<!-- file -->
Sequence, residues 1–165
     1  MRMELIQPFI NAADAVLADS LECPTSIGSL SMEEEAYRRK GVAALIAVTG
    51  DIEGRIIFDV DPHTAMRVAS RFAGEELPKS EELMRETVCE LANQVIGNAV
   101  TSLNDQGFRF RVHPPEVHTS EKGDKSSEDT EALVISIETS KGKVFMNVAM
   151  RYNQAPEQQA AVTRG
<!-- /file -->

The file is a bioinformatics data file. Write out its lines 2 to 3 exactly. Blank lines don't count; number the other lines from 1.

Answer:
     1  MRMELIQPFI NAADAVLADS LECPTSIGSL SMEEEAYRRK GVAALIAVTG
    51  DIEGRIIFDV DPHTAMRVAS RFAGEELPKS EELMRETVCE LANQVIGNAV